The judges’ citation says the poem “lights a match and holds us in the flame.”

“In this extraordinary fifteen-sonnet redoublé, the speaker meditates on the recent history of murderous racism in America that makes of Black men targets, and centers in the lyric space Black anger and Black pain,” the citation reads. “Murillo reminds us that his is a long lineage and each sonnet’s epigraph marks the genealogy of resistance Black poets continue to enact. Murillo’s anti-elegy demonstrates a lyrical virtuosity, passion, and command of language that makes this work urgent, essential, and enduring.”

Murillo has gained much recognition for his work this year alone, including winning the Tufts Kingsley Award for Poetry in April and being nominated for an NAACP Images Award for Kontemporary Amerikan Poetry in February. His collection was also longlisted for both the PEN/Voelcker and Believer Book Awards in January, and his poetry has been featured in American Poetry Review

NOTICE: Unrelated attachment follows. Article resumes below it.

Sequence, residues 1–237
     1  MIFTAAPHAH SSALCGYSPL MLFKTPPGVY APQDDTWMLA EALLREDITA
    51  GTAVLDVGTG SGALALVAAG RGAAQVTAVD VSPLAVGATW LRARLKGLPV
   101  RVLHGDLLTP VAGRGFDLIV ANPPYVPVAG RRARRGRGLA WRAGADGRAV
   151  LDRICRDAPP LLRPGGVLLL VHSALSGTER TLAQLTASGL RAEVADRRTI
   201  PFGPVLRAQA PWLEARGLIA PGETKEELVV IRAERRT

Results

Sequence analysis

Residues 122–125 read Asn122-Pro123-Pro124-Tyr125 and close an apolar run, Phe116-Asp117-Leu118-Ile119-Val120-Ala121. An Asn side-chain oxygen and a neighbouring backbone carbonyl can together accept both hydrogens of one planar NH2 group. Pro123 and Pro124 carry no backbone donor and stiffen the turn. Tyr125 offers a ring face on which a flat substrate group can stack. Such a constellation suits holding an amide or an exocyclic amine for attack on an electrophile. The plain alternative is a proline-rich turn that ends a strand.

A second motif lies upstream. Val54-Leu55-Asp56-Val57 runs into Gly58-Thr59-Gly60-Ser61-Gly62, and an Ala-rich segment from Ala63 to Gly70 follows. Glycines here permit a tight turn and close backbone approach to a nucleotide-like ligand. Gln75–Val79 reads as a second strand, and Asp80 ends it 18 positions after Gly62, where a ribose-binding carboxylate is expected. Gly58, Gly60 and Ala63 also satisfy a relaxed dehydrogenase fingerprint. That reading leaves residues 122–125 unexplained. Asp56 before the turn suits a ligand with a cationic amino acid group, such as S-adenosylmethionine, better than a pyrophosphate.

This semester, Murillo is teaching Techniques of Poetry and Intermediate Poetry Workshop.

To view a video of Murillo reading from his winning poem, click here.

Bello ’22 Awarded Beinecke Scholarship

Zubaida Bello ’22

Zubaida Bello ’22

Zubaida Bello ’22 is one of 16 people nationwide to win the Beinecke Scholarship in 2021. Bello, who aims to pursue a PhD in history and become a college professor, will receive $4,000 immediately prior to entering graduate school, as well as $30,000 while attending.

Last year, the scholarship was awarded to Mellon Mays Fellow Katerina Ramos-Jordán ’21, who was the first Wesleyan student to receive the award in 13 years.

“The program seeks to encourage and enable highly motivated students to pursue opportunities available to them and to be courageous in the selection of a graduate course of study in the arts, humanities and social sciences,” reads the scholarship website.